At least 1,500 members of the U.S. military have died and 12,000 have been wounded since the war began in late 2001. The financial cost of the war has passed $440 billion and is on the rise, jumping to $120 billion a year. Those costs have risen in importance as a divided U.S. government struggles to contain its soaring debt.
Conceding the economic strain of waging war at a time of rising debt and fiscal constraint, Obama said it was time for America "to focus on nation-building here at home." The president's chances for re-election rest largely on his ability to show faster job growth in a time of deepening economic pessimism.
The withdrawal is supported by the bold bottom-line claims of his security team: Afghanistan, training ground for the Sept. 11, 2001, attacks on the U.S., no longer is a launching pad for exporting terrorism and hasn't been for years. But that also could fuel arguments for even greater withdrawals by voters wondering what the point of the war is after all these years, especially since the face of the enemy — al-Qaida leader Osama bin Laden — was killed by American forces last month during a U.S. raid in Pakistan.
Yet the White House insists the U.S. must maintain a strong fighting force in Afghanistan for now to keep the country from slipping back into a terrorist haven.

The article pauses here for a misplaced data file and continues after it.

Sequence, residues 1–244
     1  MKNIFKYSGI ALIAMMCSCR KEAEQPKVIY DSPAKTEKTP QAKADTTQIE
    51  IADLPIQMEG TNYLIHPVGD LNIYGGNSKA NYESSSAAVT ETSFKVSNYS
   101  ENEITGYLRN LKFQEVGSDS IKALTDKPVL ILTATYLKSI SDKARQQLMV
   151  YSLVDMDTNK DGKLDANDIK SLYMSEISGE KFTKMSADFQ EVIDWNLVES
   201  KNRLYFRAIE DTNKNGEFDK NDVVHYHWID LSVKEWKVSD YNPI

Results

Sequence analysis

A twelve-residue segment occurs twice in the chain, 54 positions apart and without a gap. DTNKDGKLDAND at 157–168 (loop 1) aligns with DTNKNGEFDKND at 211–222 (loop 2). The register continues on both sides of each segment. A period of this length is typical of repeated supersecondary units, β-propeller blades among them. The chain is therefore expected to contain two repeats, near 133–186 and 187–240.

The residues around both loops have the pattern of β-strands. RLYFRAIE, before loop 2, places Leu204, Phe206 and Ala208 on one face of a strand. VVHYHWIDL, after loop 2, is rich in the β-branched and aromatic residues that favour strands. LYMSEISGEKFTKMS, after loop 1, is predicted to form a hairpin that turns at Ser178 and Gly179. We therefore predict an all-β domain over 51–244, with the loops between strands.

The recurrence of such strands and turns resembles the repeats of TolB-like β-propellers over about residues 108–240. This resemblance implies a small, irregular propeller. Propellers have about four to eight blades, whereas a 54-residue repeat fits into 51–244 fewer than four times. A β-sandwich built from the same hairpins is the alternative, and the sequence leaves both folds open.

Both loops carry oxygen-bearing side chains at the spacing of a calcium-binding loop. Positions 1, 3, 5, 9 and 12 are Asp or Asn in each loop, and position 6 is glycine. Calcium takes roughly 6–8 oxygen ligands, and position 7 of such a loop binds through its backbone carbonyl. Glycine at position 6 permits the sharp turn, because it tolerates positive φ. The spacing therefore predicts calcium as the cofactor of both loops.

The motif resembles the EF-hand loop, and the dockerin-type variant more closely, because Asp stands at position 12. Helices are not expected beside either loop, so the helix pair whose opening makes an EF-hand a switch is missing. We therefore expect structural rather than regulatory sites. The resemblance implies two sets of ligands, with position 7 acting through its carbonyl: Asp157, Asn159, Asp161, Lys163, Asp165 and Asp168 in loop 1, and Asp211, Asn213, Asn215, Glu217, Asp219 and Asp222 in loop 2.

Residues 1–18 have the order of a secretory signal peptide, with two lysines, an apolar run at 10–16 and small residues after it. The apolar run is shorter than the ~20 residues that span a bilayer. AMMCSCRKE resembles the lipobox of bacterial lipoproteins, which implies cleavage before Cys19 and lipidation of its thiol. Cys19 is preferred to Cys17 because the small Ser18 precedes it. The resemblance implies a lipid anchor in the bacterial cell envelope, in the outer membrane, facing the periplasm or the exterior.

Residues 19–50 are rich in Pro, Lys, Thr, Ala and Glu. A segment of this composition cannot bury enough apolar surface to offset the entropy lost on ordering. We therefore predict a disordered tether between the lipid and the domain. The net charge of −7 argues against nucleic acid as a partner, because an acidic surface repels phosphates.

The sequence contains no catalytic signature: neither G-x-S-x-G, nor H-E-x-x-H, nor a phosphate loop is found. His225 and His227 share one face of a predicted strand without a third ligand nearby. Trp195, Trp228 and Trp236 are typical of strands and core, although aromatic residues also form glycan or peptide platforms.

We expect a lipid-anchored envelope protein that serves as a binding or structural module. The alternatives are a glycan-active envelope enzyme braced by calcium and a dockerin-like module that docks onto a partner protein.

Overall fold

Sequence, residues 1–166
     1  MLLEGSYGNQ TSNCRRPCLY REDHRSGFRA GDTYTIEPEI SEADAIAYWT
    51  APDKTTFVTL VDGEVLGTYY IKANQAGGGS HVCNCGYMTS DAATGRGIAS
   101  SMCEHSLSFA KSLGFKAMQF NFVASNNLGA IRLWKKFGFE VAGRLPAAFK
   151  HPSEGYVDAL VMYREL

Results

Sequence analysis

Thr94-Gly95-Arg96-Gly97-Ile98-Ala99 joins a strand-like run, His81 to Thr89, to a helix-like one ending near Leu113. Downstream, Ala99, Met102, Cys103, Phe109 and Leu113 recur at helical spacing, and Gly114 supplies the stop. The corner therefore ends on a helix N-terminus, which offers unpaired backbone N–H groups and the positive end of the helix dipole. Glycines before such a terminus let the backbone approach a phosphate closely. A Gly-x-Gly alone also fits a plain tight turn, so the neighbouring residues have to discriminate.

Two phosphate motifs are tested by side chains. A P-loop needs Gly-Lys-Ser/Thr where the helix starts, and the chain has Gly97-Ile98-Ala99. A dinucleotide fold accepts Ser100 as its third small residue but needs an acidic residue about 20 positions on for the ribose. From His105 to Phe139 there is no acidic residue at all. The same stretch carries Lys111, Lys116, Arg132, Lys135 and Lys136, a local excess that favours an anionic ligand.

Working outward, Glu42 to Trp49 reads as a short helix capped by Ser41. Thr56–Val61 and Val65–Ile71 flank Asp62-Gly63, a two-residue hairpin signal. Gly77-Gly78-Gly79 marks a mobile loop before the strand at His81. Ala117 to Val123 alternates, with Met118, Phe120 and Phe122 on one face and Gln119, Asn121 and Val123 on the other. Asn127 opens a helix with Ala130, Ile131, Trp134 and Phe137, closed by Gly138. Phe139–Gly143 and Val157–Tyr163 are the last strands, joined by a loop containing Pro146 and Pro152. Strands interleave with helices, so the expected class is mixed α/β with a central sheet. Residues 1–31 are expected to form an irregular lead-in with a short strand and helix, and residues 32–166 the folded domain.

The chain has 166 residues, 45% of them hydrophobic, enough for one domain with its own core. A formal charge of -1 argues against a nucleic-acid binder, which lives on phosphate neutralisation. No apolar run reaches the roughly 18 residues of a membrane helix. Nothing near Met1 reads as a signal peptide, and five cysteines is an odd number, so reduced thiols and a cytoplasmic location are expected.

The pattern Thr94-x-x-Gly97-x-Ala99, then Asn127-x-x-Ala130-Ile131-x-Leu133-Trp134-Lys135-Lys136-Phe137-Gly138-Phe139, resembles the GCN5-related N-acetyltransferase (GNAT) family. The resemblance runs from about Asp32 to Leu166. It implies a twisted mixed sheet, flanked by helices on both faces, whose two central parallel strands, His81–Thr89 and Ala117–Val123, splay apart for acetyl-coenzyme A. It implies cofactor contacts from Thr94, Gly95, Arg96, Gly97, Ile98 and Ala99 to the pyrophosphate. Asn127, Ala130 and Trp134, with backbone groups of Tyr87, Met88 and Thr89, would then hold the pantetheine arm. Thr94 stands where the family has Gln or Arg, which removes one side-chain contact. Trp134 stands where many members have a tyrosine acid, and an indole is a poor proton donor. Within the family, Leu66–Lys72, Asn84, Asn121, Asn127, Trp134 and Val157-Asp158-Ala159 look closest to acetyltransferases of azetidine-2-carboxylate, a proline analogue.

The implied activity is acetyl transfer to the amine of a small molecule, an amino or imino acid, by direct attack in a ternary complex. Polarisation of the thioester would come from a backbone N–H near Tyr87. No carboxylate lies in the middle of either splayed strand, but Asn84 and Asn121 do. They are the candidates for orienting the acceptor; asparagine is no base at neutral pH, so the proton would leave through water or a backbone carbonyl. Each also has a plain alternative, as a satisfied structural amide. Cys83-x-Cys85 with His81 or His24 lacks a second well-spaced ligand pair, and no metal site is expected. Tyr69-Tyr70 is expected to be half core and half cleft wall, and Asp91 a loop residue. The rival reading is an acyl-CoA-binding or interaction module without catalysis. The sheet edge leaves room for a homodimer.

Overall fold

Obama said Wednesday that materials recovered during the raid to get bin Laden showed that al-Qaida was under deep strain. He said bin Laden himself expressed concern that his organization would be unable to effectively replace senior leaders that had been killed.
The president declared, "We have put al-Qaida on a path to defeat, and we will not relent until the job is done."
Even after the troops come home, the war will remain expanded on Obama's watch. He approved 21,000 additional troops for Afghanistan shortly after taking office in 2009, bringing the total number to 68,000. That means he is likely to face re-election with more troops in Afghanistan than when he took office, although he has also dramatically reduced the U.S. military presence in Iraq.
The president spoke for just under 15 minutes from the East Room. It was a strategic moment for him to try to explain a turning point in the war effort without elevating it to a major Oval Office address — more of a stay-the-course case of progress and resilience.
"Of course, huge challenges remain," the president said. "This is the beginning — but not the end — of our effort to wind down this war."
Military commanders favored a plan that would allow them to keep as many of the 30,000 surge troops in Afghanistan for as long as possible, ideally through the end of 2012. That timeline would have given them greater troop strength through two crucial fighting seasons.
Obama overruled them.
Associated Press writers Robert Burns, Lolita C. Baldor, Matthew Lee and Donna Cassata in Washington and Solomon Moore in Kabul, Afghanistan, contributed to this report.
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